Day 5-1. Rest day in Göteborg.Distance 11.5km Average 14.1km/hr Max 34.1km/hr Time 0.48 hrs
The heat and physical demands of the day before meant a bit of a grumpy start. We did need our rest day, having pushed rather hard the day before. Without a particular plan we headed into town, dropping by the Tourist Information for some information for tourists. Then to help me work out that there was pretty much nothing wrong with Damae's bike we wandered into a bike shop, curious as always about the differences in bikes sold in different countries.
We'd already discovered that Danish bikes were different to Dutch ones and came up against some appealingly priced Japanese sounding brands in Sweden. Although most bikes with lots of gears suitable for touring had aluminium frames they were indeed cheaper than similar bikes in the Netherlands (perhaps an indication of the power of the Dutch bike brands in their home market to set bike prices and/or their weakness in the international market when negotiating component prices). I thought Sweden was supposed to be an expensive place to live or something? First the reasonable lunch specials and now cheap bikes!
Then we headed further into town towards the organic Eco Store to find that the 'deli' was not a place where you could sit in and eat. Hmmmmm. Down the hill and round the corner we found a little bakers where we had a lunch menu of pasta and salad with a coffee and a slice of cake for a reasonable seven and a half Euro. It was nice to sit in the sun, this time the sun was not too hot as in the days before and watch the relaxed citizens of Göteborg doing what they do during the day.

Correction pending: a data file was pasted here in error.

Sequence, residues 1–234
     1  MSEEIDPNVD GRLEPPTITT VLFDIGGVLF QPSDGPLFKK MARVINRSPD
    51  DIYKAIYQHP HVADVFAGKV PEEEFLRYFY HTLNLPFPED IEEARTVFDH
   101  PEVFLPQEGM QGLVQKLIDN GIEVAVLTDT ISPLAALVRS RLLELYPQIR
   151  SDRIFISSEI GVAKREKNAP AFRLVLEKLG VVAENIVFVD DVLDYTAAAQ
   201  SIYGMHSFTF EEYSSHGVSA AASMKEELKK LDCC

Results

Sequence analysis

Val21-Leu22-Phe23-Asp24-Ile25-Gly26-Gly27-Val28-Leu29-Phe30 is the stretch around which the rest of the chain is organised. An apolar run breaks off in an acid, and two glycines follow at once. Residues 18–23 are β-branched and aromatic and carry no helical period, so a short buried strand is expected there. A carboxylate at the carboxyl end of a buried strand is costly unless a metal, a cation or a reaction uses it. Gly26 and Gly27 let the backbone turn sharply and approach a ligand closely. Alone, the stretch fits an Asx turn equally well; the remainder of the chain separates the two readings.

Fully refreshed we headed back round the corner to the Eco Store and bought some goodies. We should have done this last as they were open till eight in the evening but it was such fun wandering around. The shop is not one of those dyed in the wool hard-core anti-capitalist organic food statements that used to litter Britain's post-industrial landscape. In contrast it is a stylish well laid out modern supermarket, with very business-like and professional staff. The only difference with a normal supermarket was that it sells only organic food.
We found some tofu there, and stocked up on all kinds of goodies for the evening and to make sarnies for the following day. We tried to buy some local cheese but the proprietor had to admit that at the moment she had to import cheese from among other places the Netherlands, Denmark and Germany. Still, avoiding the imported Dutch cheese we could get at home we ended up choosing some yummy looking blue cheeses before we headed off to pay.
It being sunny the cameras were doing overtime. Damae, doing the usual things she does with her camera, got interested in a bridge (built in 1863) and canal close to the harbour area of Göteborg. Apparently Göteborg was drained by Dutch engineers at a time when this estuary was the only part of the West coast of Sweden in Swedish hands. Like Amsterdam you could take a tour of the city by boat, but besides both towns being ports and having canals and at some point having been reclaimed from marshland, the two places seemed to have very little in common. Göteborg was much newer and built on a larger scale, with wide streets and canals and lots of stone and brick buildings. The atmosphere was as relaxed as Amsterdam but in a different way.
Back at the bridge, Damae's interest was partly because I'd become fascinated by the trams running around (for some reason that escapes me now) and partly as it was a quieter more open area of town. You can see just how Damae was having fun and also how much I was enjoying the Göteborg city-scape.